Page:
Investing in hedge funds is an extension of the use of specialized knowledge to obtain maximum return-risk trade-offs. It represents an evolution in traditional investing rather than a revolution. Investors who add specialized managers such as hedge funds can obtain returns in market conditions and types of securities not generally available to traditional asset managers. This is particularly true, given the number of hedge fund investment strategies that offer risk and return opportunities that are not usually associated with traditional stock and bond investments.
The growth in assets from just over $300 billion in the late 1990s to $2.4 trillion by 2007 corresponded to a period of extensive research on hedge funds as an asset class, as well as the relationship of individual styles to market factors and other non–market related performance drivers.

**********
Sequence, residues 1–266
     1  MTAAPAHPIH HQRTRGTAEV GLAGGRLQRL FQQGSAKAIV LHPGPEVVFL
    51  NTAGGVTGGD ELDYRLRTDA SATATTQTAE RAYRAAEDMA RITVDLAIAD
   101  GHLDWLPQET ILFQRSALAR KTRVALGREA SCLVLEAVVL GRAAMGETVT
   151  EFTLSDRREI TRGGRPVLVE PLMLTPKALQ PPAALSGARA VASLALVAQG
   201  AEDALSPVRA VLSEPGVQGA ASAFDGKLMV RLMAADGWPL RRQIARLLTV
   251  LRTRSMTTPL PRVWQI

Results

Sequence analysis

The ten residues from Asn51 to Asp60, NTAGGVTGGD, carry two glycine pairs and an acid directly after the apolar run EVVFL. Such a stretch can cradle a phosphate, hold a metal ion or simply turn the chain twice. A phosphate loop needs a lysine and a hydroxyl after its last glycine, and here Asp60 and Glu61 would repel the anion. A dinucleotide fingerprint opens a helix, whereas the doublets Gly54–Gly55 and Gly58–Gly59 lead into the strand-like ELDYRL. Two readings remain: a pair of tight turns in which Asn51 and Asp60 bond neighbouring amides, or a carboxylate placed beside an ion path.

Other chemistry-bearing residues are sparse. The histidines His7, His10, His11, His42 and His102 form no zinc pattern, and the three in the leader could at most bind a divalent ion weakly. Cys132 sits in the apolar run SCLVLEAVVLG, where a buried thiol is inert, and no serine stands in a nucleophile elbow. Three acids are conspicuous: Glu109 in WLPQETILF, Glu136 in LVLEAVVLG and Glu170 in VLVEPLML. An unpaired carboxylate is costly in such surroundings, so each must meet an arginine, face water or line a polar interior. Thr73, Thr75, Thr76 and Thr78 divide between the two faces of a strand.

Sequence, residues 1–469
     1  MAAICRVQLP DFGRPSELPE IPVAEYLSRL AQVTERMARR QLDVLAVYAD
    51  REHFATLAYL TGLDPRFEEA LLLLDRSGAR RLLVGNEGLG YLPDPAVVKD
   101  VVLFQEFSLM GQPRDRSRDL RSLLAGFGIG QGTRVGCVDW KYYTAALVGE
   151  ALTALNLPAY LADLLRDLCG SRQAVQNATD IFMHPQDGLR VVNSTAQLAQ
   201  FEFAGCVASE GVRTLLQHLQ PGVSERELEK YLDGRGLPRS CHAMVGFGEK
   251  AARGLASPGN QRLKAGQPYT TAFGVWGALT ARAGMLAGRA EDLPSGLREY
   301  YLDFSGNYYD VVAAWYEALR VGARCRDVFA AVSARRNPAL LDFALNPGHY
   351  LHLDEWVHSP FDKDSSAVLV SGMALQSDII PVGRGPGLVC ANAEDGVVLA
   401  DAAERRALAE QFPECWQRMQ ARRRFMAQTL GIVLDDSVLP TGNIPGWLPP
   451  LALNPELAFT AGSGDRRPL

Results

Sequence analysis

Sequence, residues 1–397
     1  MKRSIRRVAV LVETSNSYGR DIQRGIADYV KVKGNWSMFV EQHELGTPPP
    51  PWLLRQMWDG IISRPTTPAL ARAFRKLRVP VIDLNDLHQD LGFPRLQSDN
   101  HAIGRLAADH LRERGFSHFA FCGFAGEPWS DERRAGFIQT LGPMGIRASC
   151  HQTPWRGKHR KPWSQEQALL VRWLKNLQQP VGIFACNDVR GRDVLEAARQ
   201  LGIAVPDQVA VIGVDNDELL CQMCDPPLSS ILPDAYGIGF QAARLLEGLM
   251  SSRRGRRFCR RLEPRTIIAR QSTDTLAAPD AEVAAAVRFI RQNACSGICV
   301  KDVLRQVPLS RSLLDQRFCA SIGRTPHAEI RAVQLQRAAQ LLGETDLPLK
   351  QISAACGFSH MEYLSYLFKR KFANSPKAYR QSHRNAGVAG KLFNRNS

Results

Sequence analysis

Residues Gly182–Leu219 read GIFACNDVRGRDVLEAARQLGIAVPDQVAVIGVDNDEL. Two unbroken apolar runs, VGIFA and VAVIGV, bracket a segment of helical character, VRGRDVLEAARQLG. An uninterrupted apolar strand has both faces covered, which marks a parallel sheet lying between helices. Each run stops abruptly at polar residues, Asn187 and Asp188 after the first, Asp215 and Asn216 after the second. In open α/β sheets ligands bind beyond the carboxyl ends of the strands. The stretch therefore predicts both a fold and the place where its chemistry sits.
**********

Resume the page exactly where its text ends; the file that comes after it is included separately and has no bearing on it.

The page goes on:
The initial academic research on hedge fund performance mostly evaluated the positive portfolio effects of adding hedge funds to institutional portfolios as well as the basic differences in liquidity, risk, factor exposures, and return characteristics between the dynamic trading styles used by hedge funds and traditional buy and hold strategies (Ackerman and McEnally 1999; Fung and Hsieh 1997).
The Agarawal and Naik (1999) study on the impact of market factors on fund performance used six specific directional fund strategies and six non–directional arbitrage strategies. They evaluated ...